Updated at 6:06 p.m. ET on July 2, 2019.
When the U.S. women’s national soccer team took the field against England in today’s Women’s World Cup semifinal match, they were playing for far more than another piece of hardware for their trophy shelf.
Last week, the team’s co-captain Megan Rapinoe said in a press interview that should they win the Cup, she would not go “to the fucking White House.” President Donald Trump responded via Twitter, saying, in part, “Megan should WIN first before she TALKS! Finish the job! … Megan should never disrespect our Country, the White House, or our Flag, especially since so much has been done for her & the team. Be proud of the Flag that you wear. The USA is doing GREAT!”
Rapinoe is, of course, not the first athlete to draw the ire of President Trump via Twitter, or to decline (albeit prematurely) an invitation to his White House. But she may have been the first to speak out against him, and consequently be personally criticized by him, while representing the United States during an international tournament.
Still, Rapinoe’s comments about the president, and the support she received from her teammates after making them, are not surprising in the least. This is, after all, a team that entered this tournament in litigation with their own national soccer federation over gender pay discrimination. They are no strangers to fighting those in the very highest positions of power, in part because their existence as female athletes depends on doing so.
Think of the legislation many point to as the reason American women athletes dominate in many international competitions, such as the Olympics: Title IX, the landmark bill passed in 1972. Before then, public schools were not required to support girls’ sports. Today all federally funded schools must fund boys’ and girls’ athletics equally. Though financing is still not always at parity, the law has made a difference: From 1972 to 2016, there was a 545 percent increase in the number of women playing college sports, and a 990 percent increase in the number of women playing high-school sports, according to the Women’s Sports Foundation.
Female athletes such as the tennis great Billie Jean King were staunch advocates for ensuring that the government guaranteed equality in school sports programs. King is also known for her organizing efforts in fighting for equal prize money for women at tennis tournaments. A year after the passage of Title IX, King beat the former Wimbledon champion Bobby Riggs in the famed “Battle of the Sexes” match, which was considered a watershed moment in proving that women athletes deserve to be more than just a sideshow. A couple of months later, she organized the Women’s Tennis Association and began to find outside sponsors for women’s tennis tournaments to boost prize money.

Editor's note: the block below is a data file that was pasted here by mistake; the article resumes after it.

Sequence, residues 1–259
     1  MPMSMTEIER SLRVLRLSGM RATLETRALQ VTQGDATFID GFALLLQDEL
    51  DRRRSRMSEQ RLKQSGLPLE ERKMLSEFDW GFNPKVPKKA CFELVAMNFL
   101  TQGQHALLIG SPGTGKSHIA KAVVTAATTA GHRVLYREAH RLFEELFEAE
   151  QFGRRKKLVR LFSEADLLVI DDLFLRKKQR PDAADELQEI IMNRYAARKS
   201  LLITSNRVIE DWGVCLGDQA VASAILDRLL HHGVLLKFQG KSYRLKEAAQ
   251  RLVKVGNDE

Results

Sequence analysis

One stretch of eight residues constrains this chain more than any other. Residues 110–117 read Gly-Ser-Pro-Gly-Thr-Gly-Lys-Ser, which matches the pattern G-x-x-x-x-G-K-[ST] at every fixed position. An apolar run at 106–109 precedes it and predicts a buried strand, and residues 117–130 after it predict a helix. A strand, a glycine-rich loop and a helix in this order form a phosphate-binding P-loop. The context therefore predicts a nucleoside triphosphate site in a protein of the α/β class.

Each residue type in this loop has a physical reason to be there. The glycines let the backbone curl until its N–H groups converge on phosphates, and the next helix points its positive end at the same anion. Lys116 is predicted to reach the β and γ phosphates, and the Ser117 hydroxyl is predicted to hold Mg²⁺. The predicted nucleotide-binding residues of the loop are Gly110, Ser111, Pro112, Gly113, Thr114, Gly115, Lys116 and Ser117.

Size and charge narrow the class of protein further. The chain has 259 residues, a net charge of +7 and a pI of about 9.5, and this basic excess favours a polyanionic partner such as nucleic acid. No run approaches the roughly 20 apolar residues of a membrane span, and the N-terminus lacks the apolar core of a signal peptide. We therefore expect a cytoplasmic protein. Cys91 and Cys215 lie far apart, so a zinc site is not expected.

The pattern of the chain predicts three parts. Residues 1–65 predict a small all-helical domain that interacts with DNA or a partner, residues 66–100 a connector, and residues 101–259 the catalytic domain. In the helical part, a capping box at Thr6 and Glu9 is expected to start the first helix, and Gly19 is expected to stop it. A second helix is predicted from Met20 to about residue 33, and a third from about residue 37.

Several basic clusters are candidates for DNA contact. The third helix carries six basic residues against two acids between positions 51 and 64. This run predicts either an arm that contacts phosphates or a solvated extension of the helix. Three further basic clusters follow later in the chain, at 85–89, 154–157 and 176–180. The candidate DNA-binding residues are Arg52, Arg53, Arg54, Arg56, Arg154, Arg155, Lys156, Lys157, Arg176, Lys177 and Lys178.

The activist tradition extends throughout women’s sports. Just a few years after the inception of the WNBA in 1996, the league had several stars who came out as gay, including Sheryl Swoopes in 2005. In 2014, the WNBA became the first professional sports league to officially sponsor Pride events during the month of June. And when compared with the low number of out male athletes in the NFL, NBA, MLB, and MLS, for instance, the WNBA is seen as a safe space for LGBTQ fans and players alike.
More recently, WNBA players, the majority of whom are black women, have used their platform to protest police violence and racism. In July 2016, four members of the Minnesota Lynx showed up to a pregame press conference wearing black practice shirts printed with Black Lives Matter and the names of two men—Alton Sterling and Philando Castile—who had been shot and killed by police that week. Players on the New York Liberty were soon wearing Black Lives Matter shirts to warm up as well, and later, Indiana Fever, Phoenix Mercury, and Washington Mystics players joined by wearing plain black shirts. The Minnesota Lynx and the Seattle Storm both tweeted photos of their whole teams in black shirts in the locker room, and many players refused to answer press questions that didn’t pertain to the Black Lives Matter movement or police shootings. After the Liberty, Fever, and Mercury teams were issued fines from the league, players spoke out against those, too. Ultimately, the WNBA president, Lisa Borders, rescinded them.